The failure of the Senate to pass a bill authorizing additional sanctions on Iran if the current nuclear negotiations fail has emboldened some critics of the pro-Israel community. The inability of the American Israel Public Affairs Committee to ensure the bill’s passage despite the support of a bipartisan coalition of 59 members of the U.S. Senate has some of the lobby’s detractors smelling blood even though it was unfair to expect it to prevail in the face of President Obama’s veto threats. Author and columnist Peter Beinart called last month for the administration to boycott the group’s annual conference next month and when New York City Mayor Bill de Blasio offended his liberal fan base by endorsing the group, the writer was among a host of left-wing celebrities who signed a joint letter warning the mayor that he risked their ire by aligning himself with AIPAC. That letter set off a controversy since two of those who joined with Beinart to denounce AIPAC were prominent Manhattan Rabbis Rolondo Matalon and Felicia Sol. When some of their congregants at Congregation B’nai Jeshurun expressed their outrage at having their house of worship implicated in a scurrilous attack on AIPAC, Beinart, who mocked their support of Israeli democracy, in turn denounced them. Now Rabbi Eric Yoffie, former leader of the American Reform movement, has weighed in on the issue in an honorable attempt to try and put this matter in perspective in a Haaretz column and I believe his thoughtful article deserves a response.

According to Yoffie, both sides are well within their rights in this dispute. The rabbis were expressing a legitimate point of view and so were their congregants. While he sides with those who defend AIPAC, he took issue with my assertion that the claim that rabbis who wish to criticize Israel live in fear for their livelihoods is something of a myth. Yoffie believes such pressures exist and should be resisted. He wants all sides of the debate about Israel and AIPAC to speak up candidly for the sake of building a vibrant community where no one should fear to speak up. To a large extent I agree with that formulation. But the problem with the anti-AIPAC campaign as well as much of the efforts on the left to pressure or boycott Israel is that it is, at its heart, an attempt not to promote democratic discussion but to essentially disenfranchise Israeli voters and silence their American friends. That is why I must dispute Rabbi Yoffie’s effort to assign equal virtue to the positions of Beinart and the rabbis as well as to their critics.

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The failure of the Senate to pass a bill authorizing additional sanctions on Iran if the current nuclear negotiations fail has emboldened some critics of the pro-Israel community. The inability of the American Israel Public Affairs Committee to ensure the bill’s passage despite the support of a bipartisan coalition of 59 members of the U.S. Senate has some of the lobby’s detractors smelling blood even though it was unfair to expect it to prevail in the face of President Obama’s veto threats. Author and columnist Peter Beinart called last month for the administration to boycott the group’s annual conference next month and when New York City Mayor Bill de Blasio offended his liberal fan base by endorsing the group, the writer was among a host of left-wing celebrities who signed a joint letter warning the mayor that he risked their ire by aligning himself with AIPAC. That letter set off a controversy since two of those who joined with Beinart to denounce AIPAC were prominent Manhattan Rabbis Rolondo Matalon and Felicia Sol. When some of their congregants at Congregation B’nai Jeshurun expressed their outrage at having their house of worship implicated in a scurrilous attack on AIPAC, Beinart, who mocked their support of Israeli democracy, in turn denounced them. Now Rabbi Eric Yoffie, former leader of the American Reform movement, has weighed in on the issue in an honorable attempt to try and put this matter in perspective in a Haaretz column and I believe his thoughtful article deserves a response.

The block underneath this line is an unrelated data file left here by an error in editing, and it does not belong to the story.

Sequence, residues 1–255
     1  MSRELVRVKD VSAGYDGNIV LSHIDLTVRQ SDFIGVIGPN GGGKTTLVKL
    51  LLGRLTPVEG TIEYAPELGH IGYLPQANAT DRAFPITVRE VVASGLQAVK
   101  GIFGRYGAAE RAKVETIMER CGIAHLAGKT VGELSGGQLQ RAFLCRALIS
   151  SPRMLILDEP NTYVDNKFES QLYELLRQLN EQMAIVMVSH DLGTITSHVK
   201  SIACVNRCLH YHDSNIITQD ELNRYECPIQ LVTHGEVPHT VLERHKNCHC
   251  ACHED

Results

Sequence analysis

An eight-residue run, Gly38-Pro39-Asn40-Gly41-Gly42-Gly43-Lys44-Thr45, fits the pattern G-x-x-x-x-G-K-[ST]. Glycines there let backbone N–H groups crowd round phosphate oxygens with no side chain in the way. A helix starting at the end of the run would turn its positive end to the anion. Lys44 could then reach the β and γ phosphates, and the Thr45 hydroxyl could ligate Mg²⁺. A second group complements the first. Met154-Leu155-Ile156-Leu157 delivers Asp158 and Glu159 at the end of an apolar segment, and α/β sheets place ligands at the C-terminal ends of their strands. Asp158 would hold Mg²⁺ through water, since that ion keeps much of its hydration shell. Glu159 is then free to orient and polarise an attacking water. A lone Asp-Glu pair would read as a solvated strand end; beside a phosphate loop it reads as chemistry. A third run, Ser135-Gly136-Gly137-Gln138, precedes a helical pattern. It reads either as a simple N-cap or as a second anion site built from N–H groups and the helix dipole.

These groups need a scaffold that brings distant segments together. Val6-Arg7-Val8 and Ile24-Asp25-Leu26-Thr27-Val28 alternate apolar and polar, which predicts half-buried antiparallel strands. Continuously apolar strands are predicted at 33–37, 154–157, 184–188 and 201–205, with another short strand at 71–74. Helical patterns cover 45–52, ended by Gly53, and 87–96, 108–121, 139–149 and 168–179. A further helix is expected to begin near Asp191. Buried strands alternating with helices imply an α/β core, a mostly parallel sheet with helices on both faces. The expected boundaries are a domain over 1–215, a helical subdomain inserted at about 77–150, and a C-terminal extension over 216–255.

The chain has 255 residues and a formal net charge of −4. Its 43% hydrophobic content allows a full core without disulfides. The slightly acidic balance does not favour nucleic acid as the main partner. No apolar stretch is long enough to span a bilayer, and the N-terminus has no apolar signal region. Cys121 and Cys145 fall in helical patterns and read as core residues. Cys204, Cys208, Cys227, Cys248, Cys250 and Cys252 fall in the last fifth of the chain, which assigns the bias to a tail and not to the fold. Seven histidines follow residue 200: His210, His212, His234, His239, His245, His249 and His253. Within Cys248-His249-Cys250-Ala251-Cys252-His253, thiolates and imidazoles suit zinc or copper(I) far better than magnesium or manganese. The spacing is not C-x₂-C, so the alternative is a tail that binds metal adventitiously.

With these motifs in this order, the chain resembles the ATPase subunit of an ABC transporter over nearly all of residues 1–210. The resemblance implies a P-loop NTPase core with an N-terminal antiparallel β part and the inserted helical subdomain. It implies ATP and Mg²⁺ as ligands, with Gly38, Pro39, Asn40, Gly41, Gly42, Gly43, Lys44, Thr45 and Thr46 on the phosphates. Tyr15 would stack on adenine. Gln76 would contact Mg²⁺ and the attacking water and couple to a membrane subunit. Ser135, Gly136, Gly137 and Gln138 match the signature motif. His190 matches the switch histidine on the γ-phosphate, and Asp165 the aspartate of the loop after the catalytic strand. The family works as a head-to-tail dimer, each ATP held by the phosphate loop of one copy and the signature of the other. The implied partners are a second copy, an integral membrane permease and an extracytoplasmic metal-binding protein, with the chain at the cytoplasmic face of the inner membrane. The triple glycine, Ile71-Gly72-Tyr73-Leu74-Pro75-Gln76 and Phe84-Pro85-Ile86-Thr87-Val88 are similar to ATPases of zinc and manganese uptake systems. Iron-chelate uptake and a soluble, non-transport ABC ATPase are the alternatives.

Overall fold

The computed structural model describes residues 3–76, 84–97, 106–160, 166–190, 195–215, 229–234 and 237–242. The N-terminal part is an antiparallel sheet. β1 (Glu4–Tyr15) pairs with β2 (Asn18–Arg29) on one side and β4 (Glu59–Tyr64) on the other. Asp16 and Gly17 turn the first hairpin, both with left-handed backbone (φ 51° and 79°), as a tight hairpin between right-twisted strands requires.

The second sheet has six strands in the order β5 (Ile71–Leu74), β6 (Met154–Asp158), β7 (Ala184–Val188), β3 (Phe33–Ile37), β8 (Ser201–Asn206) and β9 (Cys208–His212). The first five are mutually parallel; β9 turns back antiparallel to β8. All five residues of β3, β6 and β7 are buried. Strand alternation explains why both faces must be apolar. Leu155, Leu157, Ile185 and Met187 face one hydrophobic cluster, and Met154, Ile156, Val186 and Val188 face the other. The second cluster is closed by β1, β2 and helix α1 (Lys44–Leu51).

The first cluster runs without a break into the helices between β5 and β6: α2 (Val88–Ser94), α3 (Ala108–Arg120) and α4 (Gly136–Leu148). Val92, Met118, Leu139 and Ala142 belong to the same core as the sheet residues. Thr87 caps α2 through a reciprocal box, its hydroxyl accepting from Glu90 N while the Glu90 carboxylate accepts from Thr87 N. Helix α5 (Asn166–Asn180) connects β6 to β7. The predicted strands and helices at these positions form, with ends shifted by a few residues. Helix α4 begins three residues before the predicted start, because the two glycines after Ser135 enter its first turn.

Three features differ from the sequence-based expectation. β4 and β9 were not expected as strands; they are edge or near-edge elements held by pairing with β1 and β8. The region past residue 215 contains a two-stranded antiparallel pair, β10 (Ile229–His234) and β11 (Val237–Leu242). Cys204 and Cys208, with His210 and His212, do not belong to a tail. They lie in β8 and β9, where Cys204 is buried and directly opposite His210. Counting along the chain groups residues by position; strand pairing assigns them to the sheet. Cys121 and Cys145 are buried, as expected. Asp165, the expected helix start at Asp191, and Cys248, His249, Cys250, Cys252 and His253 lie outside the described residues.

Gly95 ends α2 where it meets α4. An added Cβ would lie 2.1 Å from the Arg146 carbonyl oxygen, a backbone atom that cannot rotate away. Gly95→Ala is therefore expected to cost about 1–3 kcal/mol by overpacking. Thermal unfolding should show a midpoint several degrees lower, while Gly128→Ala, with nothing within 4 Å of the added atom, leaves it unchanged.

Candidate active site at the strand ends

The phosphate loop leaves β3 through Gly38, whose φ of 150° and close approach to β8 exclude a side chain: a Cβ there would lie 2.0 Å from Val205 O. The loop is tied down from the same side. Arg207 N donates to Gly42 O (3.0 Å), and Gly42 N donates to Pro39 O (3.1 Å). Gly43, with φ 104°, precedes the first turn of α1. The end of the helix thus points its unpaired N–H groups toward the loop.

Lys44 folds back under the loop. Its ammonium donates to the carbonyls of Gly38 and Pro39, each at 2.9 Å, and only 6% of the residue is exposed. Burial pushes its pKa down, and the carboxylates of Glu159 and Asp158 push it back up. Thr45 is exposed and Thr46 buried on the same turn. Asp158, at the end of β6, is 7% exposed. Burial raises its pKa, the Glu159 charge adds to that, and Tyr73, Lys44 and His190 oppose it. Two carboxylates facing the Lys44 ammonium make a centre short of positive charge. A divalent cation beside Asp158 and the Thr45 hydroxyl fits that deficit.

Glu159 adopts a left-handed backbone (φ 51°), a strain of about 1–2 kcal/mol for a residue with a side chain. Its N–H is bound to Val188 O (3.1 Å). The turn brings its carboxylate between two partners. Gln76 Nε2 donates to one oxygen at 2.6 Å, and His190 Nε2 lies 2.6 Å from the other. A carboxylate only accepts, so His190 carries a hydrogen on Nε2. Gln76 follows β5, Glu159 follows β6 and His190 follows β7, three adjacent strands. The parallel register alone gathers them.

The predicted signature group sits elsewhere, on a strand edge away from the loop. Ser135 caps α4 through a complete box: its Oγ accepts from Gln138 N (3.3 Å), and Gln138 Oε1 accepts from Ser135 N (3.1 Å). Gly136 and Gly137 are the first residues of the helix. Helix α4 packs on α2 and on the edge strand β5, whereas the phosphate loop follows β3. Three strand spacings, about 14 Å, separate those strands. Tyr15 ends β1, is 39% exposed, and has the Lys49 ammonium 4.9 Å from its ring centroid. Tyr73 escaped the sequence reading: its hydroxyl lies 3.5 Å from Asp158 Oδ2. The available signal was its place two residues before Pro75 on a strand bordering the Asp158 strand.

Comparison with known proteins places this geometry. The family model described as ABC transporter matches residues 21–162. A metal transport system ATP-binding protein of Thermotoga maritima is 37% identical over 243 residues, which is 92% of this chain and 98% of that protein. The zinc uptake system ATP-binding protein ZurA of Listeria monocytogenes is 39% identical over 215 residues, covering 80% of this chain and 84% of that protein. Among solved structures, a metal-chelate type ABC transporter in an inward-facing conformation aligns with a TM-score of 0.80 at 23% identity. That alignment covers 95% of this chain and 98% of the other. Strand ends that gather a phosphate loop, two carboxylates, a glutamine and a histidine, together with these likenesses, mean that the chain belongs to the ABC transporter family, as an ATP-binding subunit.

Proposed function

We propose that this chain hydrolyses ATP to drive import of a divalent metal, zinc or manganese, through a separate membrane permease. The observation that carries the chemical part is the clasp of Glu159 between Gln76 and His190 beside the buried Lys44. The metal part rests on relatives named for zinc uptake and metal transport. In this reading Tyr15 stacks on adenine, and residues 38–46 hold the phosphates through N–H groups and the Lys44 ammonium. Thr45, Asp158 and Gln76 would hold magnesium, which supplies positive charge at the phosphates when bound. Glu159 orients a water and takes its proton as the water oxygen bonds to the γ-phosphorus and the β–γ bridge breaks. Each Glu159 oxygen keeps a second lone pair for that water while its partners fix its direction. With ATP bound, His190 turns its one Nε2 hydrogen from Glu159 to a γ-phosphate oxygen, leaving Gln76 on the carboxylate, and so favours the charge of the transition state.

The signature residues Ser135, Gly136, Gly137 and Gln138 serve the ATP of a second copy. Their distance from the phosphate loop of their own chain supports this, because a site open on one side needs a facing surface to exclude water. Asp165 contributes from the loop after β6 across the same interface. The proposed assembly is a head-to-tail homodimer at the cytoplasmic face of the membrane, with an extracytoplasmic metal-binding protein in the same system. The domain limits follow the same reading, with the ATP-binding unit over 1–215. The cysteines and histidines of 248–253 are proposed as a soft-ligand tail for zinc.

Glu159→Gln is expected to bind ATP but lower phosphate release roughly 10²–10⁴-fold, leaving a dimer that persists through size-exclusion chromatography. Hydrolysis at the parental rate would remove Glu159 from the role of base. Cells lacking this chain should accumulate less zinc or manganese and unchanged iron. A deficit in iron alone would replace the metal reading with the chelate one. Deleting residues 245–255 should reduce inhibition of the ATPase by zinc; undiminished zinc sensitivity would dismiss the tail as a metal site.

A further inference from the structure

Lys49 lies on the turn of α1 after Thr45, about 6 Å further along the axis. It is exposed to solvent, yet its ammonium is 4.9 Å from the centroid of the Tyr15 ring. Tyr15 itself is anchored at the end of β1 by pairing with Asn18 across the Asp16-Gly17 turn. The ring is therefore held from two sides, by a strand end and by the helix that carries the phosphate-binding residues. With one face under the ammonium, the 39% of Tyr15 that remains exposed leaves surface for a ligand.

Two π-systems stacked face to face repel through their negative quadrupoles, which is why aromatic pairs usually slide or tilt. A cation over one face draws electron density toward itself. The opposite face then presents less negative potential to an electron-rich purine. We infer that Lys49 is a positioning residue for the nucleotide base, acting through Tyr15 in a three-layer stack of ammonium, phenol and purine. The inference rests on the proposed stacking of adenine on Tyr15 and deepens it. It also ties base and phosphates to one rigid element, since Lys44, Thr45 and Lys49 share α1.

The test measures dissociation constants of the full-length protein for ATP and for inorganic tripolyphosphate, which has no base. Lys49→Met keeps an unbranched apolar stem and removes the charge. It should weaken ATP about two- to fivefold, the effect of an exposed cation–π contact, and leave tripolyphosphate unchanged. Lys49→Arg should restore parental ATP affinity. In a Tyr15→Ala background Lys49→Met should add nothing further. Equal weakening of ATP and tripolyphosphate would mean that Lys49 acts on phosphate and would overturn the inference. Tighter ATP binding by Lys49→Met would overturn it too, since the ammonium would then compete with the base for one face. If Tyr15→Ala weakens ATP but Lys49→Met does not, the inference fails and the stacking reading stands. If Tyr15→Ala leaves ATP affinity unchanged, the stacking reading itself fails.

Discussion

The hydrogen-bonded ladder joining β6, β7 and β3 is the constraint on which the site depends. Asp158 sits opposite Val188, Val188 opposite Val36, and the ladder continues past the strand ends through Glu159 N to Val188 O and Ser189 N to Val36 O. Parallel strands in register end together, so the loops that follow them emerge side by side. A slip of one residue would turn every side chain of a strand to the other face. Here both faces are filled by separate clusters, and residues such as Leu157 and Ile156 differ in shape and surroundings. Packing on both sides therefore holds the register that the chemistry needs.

According to Yoffie, both sides are well within their rights in this dispute. The rabbis were expressing a legitimate point of view and so were their congregants. While he sides with those who defend AIPAC, he took issue with my assertion that the claim that rabbis who wish to criticize Israel live in fear for their livelihoods is something of a myth. Yoffie believes such pressures exist and should be resisted. He wants all sides of the debate about Israel and AIPAC to speak up candidly for the sake of building a vibrant community where no one should fear to speak up. To a large extent I agree with that formulation. But the problem with the anti-AIPAC campaign as well as much of the efforts on the left to pressure or boycott Israel is that it is, at its heart, an attempt not to promote democratic discussion but to essentially disenfranchise Israeli voters and silence their American friends. That is why I must dispute Rabbi Yoffie’s effort to assign equal virtue to the positions of Beinart and the rabbis as well as to their critics.

Rabbi Yoffie is right that some liberal rabbis who criticize Israel may worry about offending some of their congregants as do others who are, as he notes, pressured from the left to disassociate themselves from the Jewish state. But my point was not to deny that such rabbis have their critics but to point out that efforts to restrain them are almost universally ineffective, as the continued tenure of the B’nai Jeshurun rabbis illustrates. Moreover, my point was not merely about the way rabbis use their pulpits to undermine Israel but to highlight the fact that, contrary to the myth promoted by the left, such figures, be they clerics or not, are generally richly rewarded by the praise of the secular mainstream media. For a Jew to speak out against Israel and/or AIPAC is to invite praise from a liberal media that is always eager to lionize such critics and to falsely portray them as courageous.